This blog features case law related to real estate, land use, zoning, and municipal law in Pennsylvania

Month: February 2017

Period of Public Ownership Tolls, Rather Than Restarts, Adverse Possession Period

In this quiet title action out of the Court of Common Pleas of Jefferson County, the Superior Court was asked whether a temporary period of ownership by a political subdivision restarted, or merely tolled, the 21-year period necessary to assert a claim of adverse possession. In concluding that such ownership merely tolled, rather than restarted, the 21-year period, the Court reversed the order ejecting the adverse possessors from the subject property.

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Township Can be Held Vicariously Liable for Actions of Board of Supervisors Members

In this breach of contract action out of Montgomery County, the Commonwealth Court was asked to determine whether a municipality could be held vicariously liable for the actions of members of a Township Board of Supervisors. In reversing the Court of Common Pleas of Montgomery County’s decision, the Commonwealth Court held that, similar to a private corporation, a political subdivision can only carry out its duties through its agents, servants, and employees; including members of its governing body.  As agents of the municipality, the municipality could be held vicariously liable for their actions.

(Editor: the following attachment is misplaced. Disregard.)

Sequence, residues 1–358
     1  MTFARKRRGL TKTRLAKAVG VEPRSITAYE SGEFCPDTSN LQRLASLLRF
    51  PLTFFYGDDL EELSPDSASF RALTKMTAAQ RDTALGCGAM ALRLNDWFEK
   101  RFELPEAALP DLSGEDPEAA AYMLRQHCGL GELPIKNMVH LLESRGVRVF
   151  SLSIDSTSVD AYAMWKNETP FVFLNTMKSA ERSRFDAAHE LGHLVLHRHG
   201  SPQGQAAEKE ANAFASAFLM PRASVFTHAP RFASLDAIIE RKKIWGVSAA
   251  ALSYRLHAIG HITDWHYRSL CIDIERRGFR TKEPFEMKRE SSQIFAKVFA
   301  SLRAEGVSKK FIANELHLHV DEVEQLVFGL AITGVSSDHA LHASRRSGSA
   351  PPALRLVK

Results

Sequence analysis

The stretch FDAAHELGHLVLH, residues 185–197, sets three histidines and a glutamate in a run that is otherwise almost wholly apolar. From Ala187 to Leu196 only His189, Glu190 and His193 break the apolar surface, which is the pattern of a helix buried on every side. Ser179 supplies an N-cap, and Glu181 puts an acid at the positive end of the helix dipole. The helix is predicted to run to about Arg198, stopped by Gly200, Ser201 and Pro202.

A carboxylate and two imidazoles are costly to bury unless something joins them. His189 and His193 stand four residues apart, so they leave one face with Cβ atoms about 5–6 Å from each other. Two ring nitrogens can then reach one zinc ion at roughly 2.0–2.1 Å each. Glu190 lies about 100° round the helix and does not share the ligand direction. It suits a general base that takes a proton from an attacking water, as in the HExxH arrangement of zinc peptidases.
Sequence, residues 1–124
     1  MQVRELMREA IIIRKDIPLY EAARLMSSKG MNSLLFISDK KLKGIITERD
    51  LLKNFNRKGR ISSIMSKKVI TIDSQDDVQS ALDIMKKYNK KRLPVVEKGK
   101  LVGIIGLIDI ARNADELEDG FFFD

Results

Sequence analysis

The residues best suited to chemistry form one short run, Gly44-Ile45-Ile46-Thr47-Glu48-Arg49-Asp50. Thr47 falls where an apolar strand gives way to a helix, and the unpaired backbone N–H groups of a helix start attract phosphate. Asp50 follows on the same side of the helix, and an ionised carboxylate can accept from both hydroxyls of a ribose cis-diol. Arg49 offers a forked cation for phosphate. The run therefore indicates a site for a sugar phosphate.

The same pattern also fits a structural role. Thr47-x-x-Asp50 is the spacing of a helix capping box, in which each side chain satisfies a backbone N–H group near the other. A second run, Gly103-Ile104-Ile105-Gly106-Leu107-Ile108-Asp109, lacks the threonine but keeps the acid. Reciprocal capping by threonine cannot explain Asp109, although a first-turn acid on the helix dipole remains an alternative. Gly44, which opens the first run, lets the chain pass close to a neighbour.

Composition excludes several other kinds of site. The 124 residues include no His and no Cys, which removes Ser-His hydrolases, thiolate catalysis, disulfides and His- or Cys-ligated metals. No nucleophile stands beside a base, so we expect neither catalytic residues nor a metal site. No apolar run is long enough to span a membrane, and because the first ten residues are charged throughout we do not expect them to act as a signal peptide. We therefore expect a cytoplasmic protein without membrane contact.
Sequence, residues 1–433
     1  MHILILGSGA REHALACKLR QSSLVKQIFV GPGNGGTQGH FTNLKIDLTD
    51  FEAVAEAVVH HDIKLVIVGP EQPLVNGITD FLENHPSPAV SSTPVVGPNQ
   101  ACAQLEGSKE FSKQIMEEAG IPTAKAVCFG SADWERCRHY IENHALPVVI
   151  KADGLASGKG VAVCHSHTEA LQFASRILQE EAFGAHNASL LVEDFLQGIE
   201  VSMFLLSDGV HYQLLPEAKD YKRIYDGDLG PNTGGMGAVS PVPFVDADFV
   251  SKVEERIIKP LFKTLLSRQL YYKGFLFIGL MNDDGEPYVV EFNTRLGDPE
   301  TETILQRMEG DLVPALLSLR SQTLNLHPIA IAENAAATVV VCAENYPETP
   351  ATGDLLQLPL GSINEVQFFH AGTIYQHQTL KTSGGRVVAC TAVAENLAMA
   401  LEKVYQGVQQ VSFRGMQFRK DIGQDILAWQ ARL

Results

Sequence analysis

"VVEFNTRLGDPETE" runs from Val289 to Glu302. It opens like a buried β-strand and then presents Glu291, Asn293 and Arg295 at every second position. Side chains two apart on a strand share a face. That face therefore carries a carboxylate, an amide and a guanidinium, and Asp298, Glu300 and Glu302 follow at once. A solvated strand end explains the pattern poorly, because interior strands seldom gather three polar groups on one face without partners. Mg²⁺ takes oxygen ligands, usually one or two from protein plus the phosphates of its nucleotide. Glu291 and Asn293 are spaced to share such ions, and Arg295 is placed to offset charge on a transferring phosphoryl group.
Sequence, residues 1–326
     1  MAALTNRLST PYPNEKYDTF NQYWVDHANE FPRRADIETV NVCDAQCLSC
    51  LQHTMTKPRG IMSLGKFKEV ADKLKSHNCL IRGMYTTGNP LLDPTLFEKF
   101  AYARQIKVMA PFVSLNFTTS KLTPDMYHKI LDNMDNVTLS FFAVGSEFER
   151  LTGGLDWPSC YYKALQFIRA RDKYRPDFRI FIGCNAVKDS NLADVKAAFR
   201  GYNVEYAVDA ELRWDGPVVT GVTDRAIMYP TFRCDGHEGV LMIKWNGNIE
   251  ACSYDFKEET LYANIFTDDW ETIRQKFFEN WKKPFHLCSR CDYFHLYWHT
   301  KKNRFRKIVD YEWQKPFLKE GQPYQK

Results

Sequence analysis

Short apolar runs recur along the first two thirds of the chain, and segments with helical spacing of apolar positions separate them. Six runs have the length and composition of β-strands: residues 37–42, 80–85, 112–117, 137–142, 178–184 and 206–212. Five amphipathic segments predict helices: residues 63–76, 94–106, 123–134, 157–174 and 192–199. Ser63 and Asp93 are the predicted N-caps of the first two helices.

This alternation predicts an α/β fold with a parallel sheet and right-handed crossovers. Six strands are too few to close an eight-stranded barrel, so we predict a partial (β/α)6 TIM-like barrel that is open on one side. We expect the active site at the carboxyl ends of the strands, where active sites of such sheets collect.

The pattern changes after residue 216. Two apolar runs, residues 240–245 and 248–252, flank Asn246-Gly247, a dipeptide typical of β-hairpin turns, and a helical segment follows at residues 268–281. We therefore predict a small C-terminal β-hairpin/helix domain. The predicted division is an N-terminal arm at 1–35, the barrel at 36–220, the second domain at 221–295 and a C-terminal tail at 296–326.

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Underlying Merits of Applications Irrelevant in Determining Deemed Approval

In this mandamus action out of Washington County, a billboard company (“All State”) sought to compel a Borough to issue billboard permits after Borough Council failed to act on the applications for nearly 6 months. The Court of Common Pleas of Washington County granted summary judgment, based in part on the fact that the proposed billboards would only have been permitted if the zoning ordinance were found to be exclusionary.  The Commonwealth Court reversed, stating the underlying merits of the applications was irrelevant where a deemed approval was asserted, and remanding the matter to determine whether the applications had been deemed approved.

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Vacation Rental of Entire Home Does Not Qualify as Tourist Home Use

In this appeal of a zoning violation notice, the Commonwealth Court was asked to determine whether short-term rentals of entire properties, made common by services such as AirBnB, are encompassed by existing definitions for more traditional uses, such as tourist homes, hotels, or motels.  In strictly applying the terms of the applicable ordinance, the Court concluded that “shoe-horning” such uses into existing definitions was improper, and the regulation of such uses must be done by amending the applicable zoning ordinance.

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